Prophets: Origin and Mission

As we enter our study of the prophets, it is important that we clear our minds of any known conceptions we have about biblical prophets. Although we may know some things about prophets, these can get in the way of understanding new information we may discover through this study. We are going to start at the beginning, where prophets are first mentioned and work our way to who we think of when we think of prophets (Isaiah, Jeremiah, etc). By doing so, we can have a broader understanding of the role of Hebrew prophets and what exactly they were meant to do. We are going to start in an unlikely place in our study of prophets. Let’s start in the beginning, the book of Genesis. 

The Hebrew word for prophet that occurs most often is the word nabiy’ which means a spokesman or speaker. Prophets were messengers of God and spoke for Him to the people. This word occurs over 316 times, by far the most used word to describe a prophet. We first see this word appear in the story of Abraham and Abimelech in Genesis 20. After Abimelech realizes who Sarah is, God tells Abimelech to return Sarah to Abraham because Abraham is a prophet (Genesis 20:7). He is a spokesman who has many conversations with God and relays these messages to others. As we can see, even father Abraham is a prophet.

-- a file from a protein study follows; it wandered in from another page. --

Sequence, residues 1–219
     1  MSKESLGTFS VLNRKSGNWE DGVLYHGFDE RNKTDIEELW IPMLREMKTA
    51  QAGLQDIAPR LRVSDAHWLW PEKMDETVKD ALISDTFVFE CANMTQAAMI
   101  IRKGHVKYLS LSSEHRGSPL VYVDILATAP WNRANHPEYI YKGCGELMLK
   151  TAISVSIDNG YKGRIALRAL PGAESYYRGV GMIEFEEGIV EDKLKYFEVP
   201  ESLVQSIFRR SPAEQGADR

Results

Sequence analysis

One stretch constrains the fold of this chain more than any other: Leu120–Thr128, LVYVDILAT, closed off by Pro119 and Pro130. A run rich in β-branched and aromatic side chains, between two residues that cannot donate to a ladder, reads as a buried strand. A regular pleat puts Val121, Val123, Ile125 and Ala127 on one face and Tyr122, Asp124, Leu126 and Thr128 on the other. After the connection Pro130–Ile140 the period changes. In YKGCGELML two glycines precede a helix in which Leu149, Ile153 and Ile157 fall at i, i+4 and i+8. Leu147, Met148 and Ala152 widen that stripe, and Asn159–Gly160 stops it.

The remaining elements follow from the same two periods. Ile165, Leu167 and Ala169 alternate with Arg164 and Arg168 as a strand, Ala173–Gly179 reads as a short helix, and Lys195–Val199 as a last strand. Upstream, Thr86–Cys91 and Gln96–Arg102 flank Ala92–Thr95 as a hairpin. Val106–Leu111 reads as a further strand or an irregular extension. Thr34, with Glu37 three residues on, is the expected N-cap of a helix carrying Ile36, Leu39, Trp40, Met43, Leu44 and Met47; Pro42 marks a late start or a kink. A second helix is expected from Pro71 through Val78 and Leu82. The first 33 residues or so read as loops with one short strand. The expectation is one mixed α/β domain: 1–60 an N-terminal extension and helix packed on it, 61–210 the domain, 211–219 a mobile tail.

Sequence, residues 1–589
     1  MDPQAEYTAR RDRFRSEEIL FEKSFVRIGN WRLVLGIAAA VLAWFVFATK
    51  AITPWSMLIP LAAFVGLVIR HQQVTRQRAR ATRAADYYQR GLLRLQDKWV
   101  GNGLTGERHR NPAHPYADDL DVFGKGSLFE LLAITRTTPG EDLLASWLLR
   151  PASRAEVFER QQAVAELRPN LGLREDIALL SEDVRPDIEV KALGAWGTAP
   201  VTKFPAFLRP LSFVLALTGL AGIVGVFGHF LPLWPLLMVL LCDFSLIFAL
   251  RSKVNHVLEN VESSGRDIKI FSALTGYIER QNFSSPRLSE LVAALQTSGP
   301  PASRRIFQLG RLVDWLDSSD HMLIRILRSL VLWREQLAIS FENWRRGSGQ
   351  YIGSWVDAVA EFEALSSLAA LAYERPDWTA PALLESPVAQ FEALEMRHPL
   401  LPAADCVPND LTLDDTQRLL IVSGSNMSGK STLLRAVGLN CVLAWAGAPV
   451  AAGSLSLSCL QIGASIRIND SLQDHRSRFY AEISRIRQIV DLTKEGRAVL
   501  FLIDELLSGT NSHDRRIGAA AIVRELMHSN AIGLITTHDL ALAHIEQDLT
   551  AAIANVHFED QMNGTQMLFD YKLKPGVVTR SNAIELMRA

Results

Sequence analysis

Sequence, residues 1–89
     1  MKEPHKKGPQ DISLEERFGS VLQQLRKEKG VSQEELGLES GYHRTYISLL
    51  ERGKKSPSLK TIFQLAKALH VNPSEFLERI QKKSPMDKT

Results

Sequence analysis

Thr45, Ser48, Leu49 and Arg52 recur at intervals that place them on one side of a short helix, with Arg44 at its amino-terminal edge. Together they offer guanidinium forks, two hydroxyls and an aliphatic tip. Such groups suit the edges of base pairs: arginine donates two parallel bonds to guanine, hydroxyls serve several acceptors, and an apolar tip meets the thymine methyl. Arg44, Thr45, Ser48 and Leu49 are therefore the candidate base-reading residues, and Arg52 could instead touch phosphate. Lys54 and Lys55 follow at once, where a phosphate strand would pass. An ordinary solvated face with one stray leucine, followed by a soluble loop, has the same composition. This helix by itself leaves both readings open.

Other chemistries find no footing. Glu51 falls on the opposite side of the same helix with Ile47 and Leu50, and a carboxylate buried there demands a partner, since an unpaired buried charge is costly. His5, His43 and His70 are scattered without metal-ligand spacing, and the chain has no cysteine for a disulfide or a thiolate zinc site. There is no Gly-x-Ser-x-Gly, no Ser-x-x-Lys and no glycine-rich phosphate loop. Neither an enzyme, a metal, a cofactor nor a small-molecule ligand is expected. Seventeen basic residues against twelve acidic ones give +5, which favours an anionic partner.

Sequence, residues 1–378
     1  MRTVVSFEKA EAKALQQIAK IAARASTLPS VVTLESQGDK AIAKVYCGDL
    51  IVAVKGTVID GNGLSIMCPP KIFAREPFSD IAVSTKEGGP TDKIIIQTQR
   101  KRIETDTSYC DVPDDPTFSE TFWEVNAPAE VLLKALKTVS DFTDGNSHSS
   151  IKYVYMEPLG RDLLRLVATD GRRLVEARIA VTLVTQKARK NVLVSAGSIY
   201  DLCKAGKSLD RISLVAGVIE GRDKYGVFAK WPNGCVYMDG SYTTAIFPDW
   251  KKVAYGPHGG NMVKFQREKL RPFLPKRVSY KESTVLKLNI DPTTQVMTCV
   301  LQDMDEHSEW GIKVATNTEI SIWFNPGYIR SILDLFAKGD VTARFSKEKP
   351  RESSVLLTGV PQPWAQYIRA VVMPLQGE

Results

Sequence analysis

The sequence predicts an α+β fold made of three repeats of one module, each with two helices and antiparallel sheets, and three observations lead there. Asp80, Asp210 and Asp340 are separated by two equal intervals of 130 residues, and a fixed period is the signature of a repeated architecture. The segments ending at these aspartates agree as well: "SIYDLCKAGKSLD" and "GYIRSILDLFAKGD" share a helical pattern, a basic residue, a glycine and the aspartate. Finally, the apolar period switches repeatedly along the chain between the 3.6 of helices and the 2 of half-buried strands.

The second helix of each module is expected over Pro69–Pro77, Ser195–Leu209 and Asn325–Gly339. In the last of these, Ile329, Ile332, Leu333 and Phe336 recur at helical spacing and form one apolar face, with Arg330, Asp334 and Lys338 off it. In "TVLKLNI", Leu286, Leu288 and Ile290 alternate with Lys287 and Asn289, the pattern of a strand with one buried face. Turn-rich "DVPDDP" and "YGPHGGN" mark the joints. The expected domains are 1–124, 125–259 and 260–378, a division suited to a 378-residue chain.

In Deuteronomy 18:15, Moses tells the people “The Lord your God will raise up for you a prophet like me from among you, from your fellow Israelites. You must listen to him.” Moses was the great prophet of Israel. He performed many signs before the people through their exodus and after while in the wilderness. This is also something we see prophets do that we will talk about later in this series. But as great as Moses was, there is still one coming that will be greater and will do something greater than any other prophet before him. He will be of their own kind and the warning is that they must listen to this prophet. This prophet, we will discuss later on as well.  

In Numbers 12:6 God reveals how he spoke to prophets of old. “When there is a prophet among you, I, the Lord, reveal myself to them in visions, I speak to them in dreams.” God spoke to prophets through visions and dreams. He also says he reveals himself to prophets through visions. This word for visions can mean “to understand” or “to know”. God made himself known and spoke to people through prophets. But notice what he says about Moses in the verses following. Verses 7 and 8 say, “But this is not true of my servant Moses; he is faithful in all my house. With him I speak face to face, clearly and not in riddles; he sees the form of the Lord.” There is a noticeable difference between Moses and other prophets. God says that He speaks to Moses face to face, there is no other avenue God takes to speak to him. He even speaks clearly to Moses and not in riddles are poetic forms that we see in other prophets. Moses even sees the form of the Lord, though never seeing His face. There is something special about Moses, but we must remember there is one coming even greater than him. 

We have learned that the first prophet was Abraham. Prophets speak on God’s behalf and they even receive visions and dreams from God, unless you are Moses. Hebrew prophets received messages from God that they were to deliver to other people. This is the origin and mission of the prophets.    

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